Meanwhile, the research has found that immigrants – including the poor, uneducated ones coming from south of the border — have a big positive impact on the economy over the long run, bolstering the profitability of American firms, reducing the prices of some products and services by providing employers with a new labor source and creating more opportunities for investment and jobs. Giovanni Peri, an economist at the University of California at Davis, estimated that the wave of immigrants that entered the United States from 1990 to 2007 increased national income per worker by about $5,400 a year on average, in 2007 dollars. He also concluded that the wave had a small positive impact on the average wage of American workers, by lifting the overall economy. If immigrants hurt anyone, it was the previous cohort of immigrants, with whom they most directly compete in the labor market.

These conclusions may seem to fly in the face of the laws of supply and demand. But they are not quite so odd. They can become obvious, in fact, once we take into account the response of American companies, and workers, to the inflows of cheap foreign labor.

The belief that immigration would simply displace American workers relies on the assumption that employers would do nothing but replace their costly domestic labor force with cheap imports. But that’s not typically what happens. For one thing, immigrants and domestic workers are not identical. Even the least-educated Americans are likely to be more fluent in English — better at talking with bosses or communicating with customers. When a contractor in Fresno expands into roofing, it will not just need a bunch of cheap immigrant roofers. It will also need an American supervisor and maybe an extra clerk.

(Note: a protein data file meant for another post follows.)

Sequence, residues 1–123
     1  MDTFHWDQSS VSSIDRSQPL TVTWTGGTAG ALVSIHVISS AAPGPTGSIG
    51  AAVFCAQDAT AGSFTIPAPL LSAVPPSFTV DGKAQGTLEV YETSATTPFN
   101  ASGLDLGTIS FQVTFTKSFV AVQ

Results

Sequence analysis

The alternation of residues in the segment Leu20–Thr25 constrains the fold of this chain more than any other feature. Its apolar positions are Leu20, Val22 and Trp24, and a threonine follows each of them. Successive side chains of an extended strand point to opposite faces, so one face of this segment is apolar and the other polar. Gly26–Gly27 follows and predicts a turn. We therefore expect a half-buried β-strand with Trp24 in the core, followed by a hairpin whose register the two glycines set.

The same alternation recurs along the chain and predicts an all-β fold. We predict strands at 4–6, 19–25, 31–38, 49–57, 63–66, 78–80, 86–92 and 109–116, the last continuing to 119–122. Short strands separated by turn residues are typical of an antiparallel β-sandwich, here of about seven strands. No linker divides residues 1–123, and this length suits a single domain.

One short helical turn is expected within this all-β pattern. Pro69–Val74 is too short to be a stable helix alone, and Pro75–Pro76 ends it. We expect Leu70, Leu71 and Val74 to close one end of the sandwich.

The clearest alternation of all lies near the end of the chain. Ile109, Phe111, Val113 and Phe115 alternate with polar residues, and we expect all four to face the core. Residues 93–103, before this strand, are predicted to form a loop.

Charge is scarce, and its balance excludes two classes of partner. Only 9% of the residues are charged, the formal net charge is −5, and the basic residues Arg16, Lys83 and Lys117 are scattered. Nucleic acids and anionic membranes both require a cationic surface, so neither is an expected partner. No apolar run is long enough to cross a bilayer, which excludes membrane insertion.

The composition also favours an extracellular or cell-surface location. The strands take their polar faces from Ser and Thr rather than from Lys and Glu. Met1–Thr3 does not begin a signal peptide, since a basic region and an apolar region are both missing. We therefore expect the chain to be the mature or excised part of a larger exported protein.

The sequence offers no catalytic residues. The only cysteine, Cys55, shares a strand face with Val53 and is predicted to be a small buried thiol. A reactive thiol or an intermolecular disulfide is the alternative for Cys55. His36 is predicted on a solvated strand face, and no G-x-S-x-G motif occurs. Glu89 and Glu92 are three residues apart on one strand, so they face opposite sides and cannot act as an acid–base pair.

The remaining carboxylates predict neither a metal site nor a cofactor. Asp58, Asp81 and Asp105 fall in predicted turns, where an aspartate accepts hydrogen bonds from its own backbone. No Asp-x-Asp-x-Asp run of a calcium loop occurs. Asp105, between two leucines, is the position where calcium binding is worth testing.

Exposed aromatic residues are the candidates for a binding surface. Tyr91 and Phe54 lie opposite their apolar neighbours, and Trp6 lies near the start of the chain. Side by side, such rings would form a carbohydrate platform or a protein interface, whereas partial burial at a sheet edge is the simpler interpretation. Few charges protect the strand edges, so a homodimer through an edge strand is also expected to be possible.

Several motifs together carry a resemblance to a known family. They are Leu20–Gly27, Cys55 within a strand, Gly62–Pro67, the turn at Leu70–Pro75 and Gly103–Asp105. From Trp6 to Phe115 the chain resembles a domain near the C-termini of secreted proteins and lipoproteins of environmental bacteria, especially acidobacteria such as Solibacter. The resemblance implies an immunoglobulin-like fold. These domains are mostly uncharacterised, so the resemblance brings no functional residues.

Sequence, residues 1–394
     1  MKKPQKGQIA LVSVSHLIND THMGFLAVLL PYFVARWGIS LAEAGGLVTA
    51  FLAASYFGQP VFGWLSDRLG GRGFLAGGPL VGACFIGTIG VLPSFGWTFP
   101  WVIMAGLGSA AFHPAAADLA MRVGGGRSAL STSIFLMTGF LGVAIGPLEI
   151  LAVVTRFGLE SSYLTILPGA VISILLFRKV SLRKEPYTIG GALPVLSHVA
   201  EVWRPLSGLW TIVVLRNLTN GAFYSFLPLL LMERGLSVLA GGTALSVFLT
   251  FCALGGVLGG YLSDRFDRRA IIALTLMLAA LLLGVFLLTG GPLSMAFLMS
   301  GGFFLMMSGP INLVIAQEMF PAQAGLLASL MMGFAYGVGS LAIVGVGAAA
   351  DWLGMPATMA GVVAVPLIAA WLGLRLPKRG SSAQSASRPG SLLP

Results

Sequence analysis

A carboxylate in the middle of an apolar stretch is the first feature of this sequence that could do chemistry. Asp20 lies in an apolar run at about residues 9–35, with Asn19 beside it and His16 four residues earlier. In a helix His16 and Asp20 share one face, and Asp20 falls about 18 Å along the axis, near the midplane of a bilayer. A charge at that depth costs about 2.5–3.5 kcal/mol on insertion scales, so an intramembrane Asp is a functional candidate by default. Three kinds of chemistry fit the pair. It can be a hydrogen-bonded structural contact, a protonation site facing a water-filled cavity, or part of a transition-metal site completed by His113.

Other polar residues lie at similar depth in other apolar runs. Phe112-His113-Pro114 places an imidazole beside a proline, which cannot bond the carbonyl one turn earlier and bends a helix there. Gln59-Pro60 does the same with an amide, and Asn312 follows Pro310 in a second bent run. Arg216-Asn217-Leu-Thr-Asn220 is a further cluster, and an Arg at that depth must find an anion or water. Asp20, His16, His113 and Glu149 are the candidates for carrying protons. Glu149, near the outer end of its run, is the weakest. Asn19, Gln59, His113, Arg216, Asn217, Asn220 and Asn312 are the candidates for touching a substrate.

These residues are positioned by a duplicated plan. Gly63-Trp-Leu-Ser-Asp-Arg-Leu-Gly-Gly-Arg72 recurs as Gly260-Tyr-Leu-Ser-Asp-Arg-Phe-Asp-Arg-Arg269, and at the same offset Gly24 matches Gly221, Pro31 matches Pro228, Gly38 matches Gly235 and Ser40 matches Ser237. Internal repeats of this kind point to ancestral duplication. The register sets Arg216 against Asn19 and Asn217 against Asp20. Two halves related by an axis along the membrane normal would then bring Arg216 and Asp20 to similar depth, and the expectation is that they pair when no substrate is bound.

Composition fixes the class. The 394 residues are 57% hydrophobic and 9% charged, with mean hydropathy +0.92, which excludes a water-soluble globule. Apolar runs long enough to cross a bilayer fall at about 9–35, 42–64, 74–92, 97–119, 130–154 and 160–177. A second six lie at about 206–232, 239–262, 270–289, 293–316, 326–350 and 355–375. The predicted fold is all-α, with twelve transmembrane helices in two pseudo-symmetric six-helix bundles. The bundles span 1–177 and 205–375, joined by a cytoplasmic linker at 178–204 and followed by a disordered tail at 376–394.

Faced with a new, different pool of workers, companies often invest to reap the higher profits that the labor allows. Contractors, for instance, will be able to take on projects that would not have been profitable paying higher wages to domestic workers – like the roofing example in Fresno. This provides new opportunities for immigrants and for more highly paid domestic workers alike.

Mr. Peri and Chad Sparber of Colgate University found that American workers in states with large shares of less-educated immigrants gravitate toward occupations like cashiers and bank tellers, waiters or sales floor clerks, which require more communications skills. Foreigners, in turn, stick to manual tasks and physical labor. By encouraging this specialization and capital investment, immigration contributes to productivity growth.

In other words, immigration can produce domestic jobs. Restaurants are much less common in Norway than the United States because Norway lacks the cheap labor — making a dinner out in Oslo prohibitively expensive. In many New York restaurants, the American waiters and hosts owe their jobs to the underpaid illegal immigrants in the kitchen, whose low wages allow the restaurant to exist. The vast agricultural industry in the Central Valley of California might not exist without cheap immigrant farm workers who make it profitable.